"We looked very closely when we staged the Amateur and it was a terrific golf course and it was a terrific staging with great support.

"But it's a pity it's on an island.

"It's quite difficult infrastructure-wise. It's a great golf course and we would love to go there more often. But are we considering it for The Open? No, not at this time."

The Irish Independent understands the staging of the Women's Amateur from 24-29 June 2024 is a one-off event with the club stepping up to help the R&A after Royal Birkdale decided it would be too difficult to make the course changes and host the event.

Phil Anderton, Chief Development Officer at The R&A, said: "Portmarnock has a rich history of staging world-class championship golf and we look forward to returning to the iconic links next year to stage the Women's Amateur.

"It became clear that the course work being planned for Royal Birkdale could impact on the Championship next year and so we have moved quickly to find an alternative venue.

"It remains very much our intention to stage the championship at Royal Birkdale in the near future and we are grateful to the members and staff of Portmarnock for agreeing to assist us at short notice."

Niall Goulding, Captain of Portmarnock Golf Club, said: "This is a significant honour for our club and is a reflection of the esteem in which our club and, in particular, our links are held.

"I have no doubt but that our experience of hosting the 2019 Amateur Championship will stand us in good stead as we embark on this exciting journey culminating in the delivery of an outstanding Women's Amateur Championship in 2024, which will, I have little doubt, attract record numbers of knowledgeable and enthusiastic spectators."

In 2019, thousands of local fans lined the fairways of Portmarnock to see Irishman James Sugrue defeat Euan Walker by two holes to win the 36-hole final of The Amateur Championship.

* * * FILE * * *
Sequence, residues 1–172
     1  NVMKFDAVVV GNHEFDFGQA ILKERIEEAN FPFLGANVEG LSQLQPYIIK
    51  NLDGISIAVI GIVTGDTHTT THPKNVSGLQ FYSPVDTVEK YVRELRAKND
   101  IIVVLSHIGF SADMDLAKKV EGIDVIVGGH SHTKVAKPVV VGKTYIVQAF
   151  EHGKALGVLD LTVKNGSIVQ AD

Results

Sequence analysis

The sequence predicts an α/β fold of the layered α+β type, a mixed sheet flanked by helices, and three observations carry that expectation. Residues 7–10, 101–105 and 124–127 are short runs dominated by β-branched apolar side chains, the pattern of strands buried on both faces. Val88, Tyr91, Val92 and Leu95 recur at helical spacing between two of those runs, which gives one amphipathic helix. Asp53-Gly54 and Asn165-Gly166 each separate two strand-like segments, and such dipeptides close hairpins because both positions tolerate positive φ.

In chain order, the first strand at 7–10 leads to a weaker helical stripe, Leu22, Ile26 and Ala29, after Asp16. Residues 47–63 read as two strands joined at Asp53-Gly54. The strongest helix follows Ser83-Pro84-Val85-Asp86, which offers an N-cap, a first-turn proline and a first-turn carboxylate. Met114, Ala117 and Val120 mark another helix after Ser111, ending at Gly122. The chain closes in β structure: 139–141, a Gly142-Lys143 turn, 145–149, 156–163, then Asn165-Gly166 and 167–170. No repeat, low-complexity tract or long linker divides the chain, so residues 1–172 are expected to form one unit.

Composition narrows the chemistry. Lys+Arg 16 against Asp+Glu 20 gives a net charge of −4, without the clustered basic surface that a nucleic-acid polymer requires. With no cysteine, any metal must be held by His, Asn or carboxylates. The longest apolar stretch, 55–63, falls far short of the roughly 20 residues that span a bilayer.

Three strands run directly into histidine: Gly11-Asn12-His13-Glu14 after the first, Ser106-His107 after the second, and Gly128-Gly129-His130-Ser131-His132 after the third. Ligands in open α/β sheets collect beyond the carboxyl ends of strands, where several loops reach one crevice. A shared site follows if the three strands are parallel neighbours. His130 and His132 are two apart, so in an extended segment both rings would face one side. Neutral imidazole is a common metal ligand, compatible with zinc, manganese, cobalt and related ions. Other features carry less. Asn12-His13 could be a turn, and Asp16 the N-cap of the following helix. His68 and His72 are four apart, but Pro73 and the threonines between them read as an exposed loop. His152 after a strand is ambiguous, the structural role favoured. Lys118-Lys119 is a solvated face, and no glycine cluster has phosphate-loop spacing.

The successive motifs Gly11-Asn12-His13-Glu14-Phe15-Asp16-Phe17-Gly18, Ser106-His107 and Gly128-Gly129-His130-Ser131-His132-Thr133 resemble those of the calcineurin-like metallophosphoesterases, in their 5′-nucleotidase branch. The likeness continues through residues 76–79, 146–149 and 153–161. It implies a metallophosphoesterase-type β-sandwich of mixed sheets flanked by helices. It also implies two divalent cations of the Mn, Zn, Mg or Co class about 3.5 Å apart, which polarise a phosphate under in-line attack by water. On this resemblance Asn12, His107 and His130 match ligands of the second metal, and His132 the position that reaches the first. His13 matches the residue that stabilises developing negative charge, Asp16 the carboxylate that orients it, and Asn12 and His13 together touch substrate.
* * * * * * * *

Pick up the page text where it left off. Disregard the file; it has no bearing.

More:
The Dublin venue was the stage for the first ever playing of the Irish Open in 1927 and has hosted the event on 18 occasions.

In 1960, American duo Sam Snead and Arnold Palmer sealed a win in the Canada Cup held there, while it was also a venue for the Dunlop Masters on two occasions in 1959 and 1965.

With The Open going to Royal Portrush in 2019, Harrington believes a precedent was set.

“This was all started by (then R&A committee member) Gavin Caldwell. In 2007, he came to me after I won the Open, ‘Come on, we’ll work behind the scenes to try to get this done’, which is quite remarkable because he is a member of Portmarnock and Royal County Down," Harrington said. "I don’t think he’s a member up here. It was always a push to get it to Royal Portrush.

“He gathered the forces behind the scenes for a number of years and obviously then having Graeme, Darren, and Rory start winning, and bringing the Irish Open here in 2012, showed there was no excuse for not having an event here; 2012 was an incredible event, the crowds turned out, the community was behind it, and it proved that it was going to be a success. It’s been proved now. I think it is going straight in as the fifth biggest ticket sale for an Open and it’s pre-sold. It’s an automatic success already.”

Should Portmarnock eventually get the nod – Harrington (51) would be exempt as a past champion until he is 60 – one suspects new records would be set.

Both R&A Amateur Championships will be played in the Republic of Ireland in 2024, with Ballyliffin in Co Donegal to host the men’s Amateur Championship that summer.

The Old Links and the Glashedy Course will host the strokeplay qualifying before the action turns to the Glashedy for the matchplay.